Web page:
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Putting faith in funding

Provincial program change seen as boon to SBC, Providence students

By: Staff Writer

Posted: 03/19/2017 9:26 AM

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Steinbach Bible College president Rob Reimer (seated, centre) said he is pleased with the province’s decision to include faith-based colleges in its provincial scholarship and bursary program. Also pictured are (left to right) academic dean Terry Hiebert, students Gillian Plett, Mikayla Goertzen, and Kendall Reimer, director of financial aid Dalen Kroeker, and student Ashley Penner.

JORDAN ROSS | THE CARILLON Enlarge Image

Steinbach Bible College president Rob Reimer (seated, centre) said he is pleased with the province’s decision to include faith-based colleges in its provincial scholarship and bursary program. Also pictured are (left to right) academic dean Terry Hiebert, students Gillian Plett, Mikayla Goertzen, and Kendall Reimer, director of financial aid Dalen Kroeker, and student Ashley Penner.

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Leaders of two local colleges are thrilled that their respective institutions have been added to a provincial scholarship and bursary program.

This week, the province announced that Providence University College and Steinbach Bible College would be added to its Manitoba Scholarship and Bursary Initiative (MSBI). The program encourages private donations for post-secondary bursaries and scholarships by matching one-third of donations collected.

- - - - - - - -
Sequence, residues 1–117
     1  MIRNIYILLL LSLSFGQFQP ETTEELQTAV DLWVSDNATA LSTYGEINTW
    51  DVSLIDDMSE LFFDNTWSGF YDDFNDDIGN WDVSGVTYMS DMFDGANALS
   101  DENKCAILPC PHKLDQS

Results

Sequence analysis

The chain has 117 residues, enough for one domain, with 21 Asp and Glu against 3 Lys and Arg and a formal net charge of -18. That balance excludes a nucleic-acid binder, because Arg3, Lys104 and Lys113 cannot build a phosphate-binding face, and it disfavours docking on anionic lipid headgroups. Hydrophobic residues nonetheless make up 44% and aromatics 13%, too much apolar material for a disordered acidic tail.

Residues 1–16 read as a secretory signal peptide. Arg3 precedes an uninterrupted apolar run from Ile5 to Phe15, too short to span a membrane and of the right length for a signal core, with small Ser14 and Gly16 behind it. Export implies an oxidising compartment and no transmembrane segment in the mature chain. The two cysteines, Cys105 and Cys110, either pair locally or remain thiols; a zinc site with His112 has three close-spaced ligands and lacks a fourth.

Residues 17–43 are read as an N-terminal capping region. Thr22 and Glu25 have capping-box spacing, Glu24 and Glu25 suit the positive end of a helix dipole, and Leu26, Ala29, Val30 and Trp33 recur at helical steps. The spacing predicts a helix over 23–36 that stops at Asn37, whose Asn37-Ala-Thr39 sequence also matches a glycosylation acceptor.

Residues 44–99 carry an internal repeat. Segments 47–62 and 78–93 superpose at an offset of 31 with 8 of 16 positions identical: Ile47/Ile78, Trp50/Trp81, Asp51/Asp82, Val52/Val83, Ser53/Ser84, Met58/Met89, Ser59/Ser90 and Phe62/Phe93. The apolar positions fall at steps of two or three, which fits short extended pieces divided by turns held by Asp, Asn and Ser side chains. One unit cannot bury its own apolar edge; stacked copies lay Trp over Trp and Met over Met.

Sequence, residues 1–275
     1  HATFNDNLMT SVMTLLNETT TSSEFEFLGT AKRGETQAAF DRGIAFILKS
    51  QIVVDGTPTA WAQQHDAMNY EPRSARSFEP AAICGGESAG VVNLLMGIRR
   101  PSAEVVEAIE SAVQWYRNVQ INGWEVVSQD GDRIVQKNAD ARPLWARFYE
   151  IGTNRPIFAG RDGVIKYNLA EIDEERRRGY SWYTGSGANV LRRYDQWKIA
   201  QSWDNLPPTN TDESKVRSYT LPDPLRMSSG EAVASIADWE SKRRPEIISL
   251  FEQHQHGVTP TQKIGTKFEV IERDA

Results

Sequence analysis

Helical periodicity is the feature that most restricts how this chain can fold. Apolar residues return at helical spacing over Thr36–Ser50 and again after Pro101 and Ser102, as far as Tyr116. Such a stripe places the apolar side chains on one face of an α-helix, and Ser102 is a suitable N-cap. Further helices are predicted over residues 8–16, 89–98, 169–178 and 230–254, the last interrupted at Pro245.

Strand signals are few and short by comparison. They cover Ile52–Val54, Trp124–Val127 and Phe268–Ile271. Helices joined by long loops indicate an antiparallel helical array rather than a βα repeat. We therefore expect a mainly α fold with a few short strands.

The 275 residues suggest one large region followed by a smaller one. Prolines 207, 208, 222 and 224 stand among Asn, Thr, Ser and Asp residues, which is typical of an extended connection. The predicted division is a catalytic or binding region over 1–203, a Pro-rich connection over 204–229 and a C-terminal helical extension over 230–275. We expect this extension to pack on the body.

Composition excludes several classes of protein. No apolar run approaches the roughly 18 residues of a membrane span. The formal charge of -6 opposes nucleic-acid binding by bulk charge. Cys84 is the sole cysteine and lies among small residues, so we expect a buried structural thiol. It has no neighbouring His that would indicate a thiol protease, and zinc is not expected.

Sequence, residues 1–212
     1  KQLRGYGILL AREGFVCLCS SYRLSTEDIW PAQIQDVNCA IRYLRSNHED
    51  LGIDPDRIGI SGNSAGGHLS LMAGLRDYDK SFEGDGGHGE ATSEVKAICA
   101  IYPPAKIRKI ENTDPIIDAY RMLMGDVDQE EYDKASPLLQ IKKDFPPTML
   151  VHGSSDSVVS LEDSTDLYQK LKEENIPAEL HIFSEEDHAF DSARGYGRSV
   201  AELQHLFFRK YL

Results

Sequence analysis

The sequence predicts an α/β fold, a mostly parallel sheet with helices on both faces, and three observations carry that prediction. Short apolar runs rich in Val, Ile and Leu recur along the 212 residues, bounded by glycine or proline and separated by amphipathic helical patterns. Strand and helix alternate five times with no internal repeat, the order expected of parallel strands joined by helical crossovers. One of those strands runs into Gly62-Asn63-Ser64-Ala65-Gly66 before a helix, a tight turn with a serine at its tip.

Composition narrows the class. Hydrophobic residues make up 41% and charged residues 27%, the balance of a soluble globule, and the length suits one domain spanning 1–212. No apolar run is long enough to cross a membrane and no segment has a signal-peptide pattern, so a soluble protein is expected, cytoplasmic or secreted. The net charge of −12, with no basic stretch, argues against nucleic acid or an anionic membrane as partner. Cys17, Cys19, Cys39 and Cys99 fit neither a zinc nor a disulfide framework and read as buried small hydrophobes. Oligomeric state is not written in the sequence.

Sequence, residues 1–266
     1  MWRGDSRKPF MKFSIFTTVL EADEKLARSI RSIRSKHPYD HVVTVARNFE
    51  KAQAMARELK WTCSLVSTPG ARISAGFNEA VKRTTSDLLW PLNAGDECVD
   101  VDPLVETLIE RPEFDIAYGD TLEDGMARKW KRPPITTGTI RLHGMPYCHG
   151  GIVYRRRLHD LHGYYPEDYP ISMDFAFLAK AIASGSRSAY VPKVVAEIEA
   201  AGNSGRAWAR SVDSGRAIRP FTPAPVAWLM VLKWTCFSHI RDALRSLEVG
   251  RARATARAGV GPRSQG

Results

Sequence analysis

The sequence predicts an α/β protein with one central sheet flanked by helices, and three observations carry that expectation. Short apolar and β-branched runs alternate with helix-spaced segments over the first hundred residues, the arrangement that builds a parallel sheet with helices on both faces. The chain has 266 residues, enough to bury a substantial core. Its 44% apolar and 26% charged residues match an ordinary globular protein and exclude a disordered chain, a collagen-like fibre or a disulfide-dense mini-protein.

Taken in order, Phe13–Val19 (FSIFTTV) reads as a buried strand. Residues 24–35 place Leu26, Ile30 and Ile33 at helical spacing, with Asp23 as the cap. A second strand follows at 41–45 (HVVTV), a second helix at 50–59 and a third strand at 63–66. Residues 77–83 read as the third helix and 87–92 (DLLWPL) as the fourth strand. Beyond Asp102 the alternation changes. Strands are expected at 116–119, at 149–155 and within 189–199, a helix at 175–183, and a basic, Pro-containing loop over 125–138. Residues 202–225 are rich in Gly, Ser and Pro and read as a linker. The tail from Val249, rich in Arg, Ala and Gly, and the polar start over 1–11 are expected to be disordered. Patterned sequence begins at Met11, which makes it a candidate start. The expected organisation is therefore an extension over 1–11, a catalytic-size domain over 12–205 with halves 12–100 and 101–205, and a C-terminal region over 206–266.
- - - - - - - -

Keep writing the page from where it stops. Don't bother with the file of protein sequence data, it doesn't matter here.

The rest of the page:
"We were happy to be included, and we appreciate being recognized," said Providence president David Johnson.

"It’s a big win for our students," said SBC president Rob Reimer.

Johnson said the inclusion of faith-based institutions helps to level the playing field between large, public universities and smaller, private ones. While the former typically see their operating grant increased annually, he explained, Providence’s stays the same, meaning the institution must sometimes raise tuition to cover increased operating costs.

"That always eliminates some students from being able to come, so adding some money to scholarships makes it possible for those students to still come to Providence," said Johnson.

"If what’s going to keep a student from coming here is $2,000, this will allow us to give that student $2,000 so they can come."

The one-third matching of private donations will come with a cap of $25,000 for both SBC and Providence, Reimer and Johnson confirmed. Reimer said he expects the financial benefits begin in September. In total, SBC provides $150,000 in scholarships and bursaries for its students each year, Reimer said, while Johnson said Providence is on track to reach $500,000 next school year.

Moving forward, Johnson said the initiative’s apparent flexibility in how the funds are divided is a plus. In some cases, students who would not have otherwise received a scholarship or bursary may now obtain one, while in other cases, students already qualifying for one may see its dollar value increased. Reimer said the money could, for instance, be split into 25 portions of $1,000, positively affecting nearly one quarter of SBC’s student body.

About half of students at both institutions receive a scholarship or bursary annually. SBC has 110 students registered this semester while Providence has a student body of 509.

Johnson hopes the changes will factor in to tough decisions made by potential students as they compare the pros and cons of various post-secondary institutions in Manitoba.

Canadian Mennonite University and Booth University College are also included in the expanded program.

"To me it signals that the four faith-based [institutions] add significantly to the contributions of Manitoba," said Reimer, who observed that over 80 percent of SBC graduates to volunteer in their community, thereby benefiting not only the church, but wider society.

"We’ve been told that they appreciate the contribution that small, private, and faith-based

schools make to the whole post-secondary education system," said Johnson, who said Education Minister Ian Wishart has, in prior discussions, given him the impression the provincial government "is looking more favourably on schools like Providence."

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